The famous female pilot Amelia Earhart once said, “You haven’t seen a tree until you’ve seen its shadow from the sky”. Girls ages 10 and up had the chance to do exactly that when they were given the opportunity to fly an aircraft during the Durham Flight Centre’s third annual women’s aviation event, called Girls Take Flight, on March 12 at the Oshawa Airport.
Pilots from various airlines volunteered to fly the planes with the girls. In addition, several volunteers from the aviation industry came to discuss career opportunities for women, where women account for five per cent of airline pilots.
Young girls discovered they could do their first solo flight at 14, before they can drive a car. However, like most teens they probably need their parents to drive them to the airport, unless they’re like pilot Marilyn Daigle, who had her own sneaky way of getting there.
Daigle is a pilot, who came to volunteer at the event and has more than 10,000 hours of flying experience. She spent the last six years working for Porter airlines.
However, her journey to become a pilot wasn’t easy, and started off as a secret.
“I wanted to be a pilot, but my dad didn’t think women should be pilots. He sent me to university. I went, but I also became a pilot. I just had to do it behind his back,” says Daigle. She says she spent her whole childhood around planes but didn’t think becoming a pilot was a possibility for women.
“My dad was fixing airplanes and wanted to be a pilot but then he had us. Then one day a bush pilot told me I could be pilot and it stayed with me,” says Daigle. When Daigle told her father she became a pilot and showed him images of the places she had flown he didn’t believe her.
“Even though I was flying all over the north he still couldn’t believe it. I was supposed to take him for a flight, but he passed away six years ago and it never happened. It’s really too bad I never got to take him for a flight,” she says.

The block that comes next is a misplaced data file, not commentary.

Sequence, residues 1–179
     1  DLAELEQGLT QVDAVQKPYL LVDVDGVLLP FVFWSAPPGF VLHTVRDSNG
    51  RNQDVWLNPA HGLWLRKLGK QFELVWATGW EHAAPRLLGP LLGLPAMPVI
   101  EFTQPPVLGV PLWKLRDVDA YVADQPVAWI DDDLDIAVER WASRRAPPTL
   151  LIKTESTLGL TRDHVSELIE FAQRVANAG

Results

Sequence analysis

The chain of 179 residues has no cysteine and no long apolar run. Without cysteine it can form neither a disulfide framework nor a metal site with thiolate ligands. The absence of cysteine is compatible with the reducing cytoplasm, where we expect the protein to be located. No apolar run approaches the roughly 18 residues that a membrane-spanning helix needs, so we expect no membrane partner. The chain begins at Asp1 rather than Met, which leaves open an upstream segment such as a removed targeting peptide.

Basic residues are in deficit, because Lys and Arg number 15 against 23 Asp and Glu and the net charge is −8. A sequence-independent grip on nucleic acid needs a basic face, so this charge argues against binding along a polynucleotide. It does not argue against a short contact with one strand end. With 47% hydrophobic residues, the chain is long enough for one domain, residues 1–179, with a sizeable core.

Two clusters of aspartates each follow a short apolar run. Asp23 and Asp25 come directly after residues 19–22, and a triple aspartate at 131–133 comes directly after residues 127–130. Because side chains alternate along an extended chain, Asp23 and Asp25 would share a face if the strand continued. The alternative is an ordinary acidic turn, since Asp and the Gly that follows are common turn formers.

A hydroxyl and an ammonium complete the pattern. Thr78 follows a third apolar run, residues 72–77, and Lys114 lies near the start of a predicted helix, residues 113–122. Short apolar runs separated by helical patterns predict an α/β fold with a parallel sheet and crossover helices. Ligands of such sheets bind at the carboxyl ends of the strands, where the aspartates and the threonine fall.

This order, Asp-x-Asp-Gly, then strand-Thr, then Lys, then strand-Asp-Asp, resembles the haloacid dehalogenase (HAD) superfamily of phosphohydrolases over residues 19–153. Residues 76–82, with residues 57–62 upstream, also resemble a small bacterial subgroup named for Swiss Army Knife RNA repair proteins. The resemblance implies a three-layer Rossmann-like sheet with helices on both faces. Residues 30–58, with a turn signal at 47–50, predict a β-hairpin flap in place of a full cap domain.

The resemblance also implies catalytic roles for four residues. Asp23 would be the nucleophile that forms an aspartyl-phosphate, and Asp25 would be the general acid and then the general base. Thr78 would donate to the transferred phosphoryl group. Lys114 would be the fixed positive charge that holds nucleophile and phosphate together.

Two hundred women and girls registered for a 15-minute opportunity to steer a Cessna 172 with a volunteer pilot. The girls were suppose to take off by 10 a.m. but due to foggy weather conditions the flights had to be delayed for a few hours.
In the meantime hundreds of people, mostly women and young girls, took the opportunity to explore the inside of various aircrafts, meet pilots and test the aviation simulator.
Giselle Mcnamee volunteered at this year’s event. The year before she attended with her 16-year-old daughter Raquel who won a Ground School scholarship at the Durham Flight Centre.
Ground school costs $350 but a single one-hour flight with an instructor costs $178.
Mcnamee says the program has had a huge impact on her daughter’s self-confidence and helped set her apart from more traditional interests.
“She was never a sports person this has given her an identity and this is something very few people can claim,” she says.
Mcnamee says she has never been flown a plane and didn’t intend on getting into the one during the event, but says that she isn’t nervous about allowing her daughter to take flight.
“Surprisingly not, because of the self-confidence it’s given her and the self-confidence she has about it. She told me she would rather get a pilot’s licence than a driver’s licence.”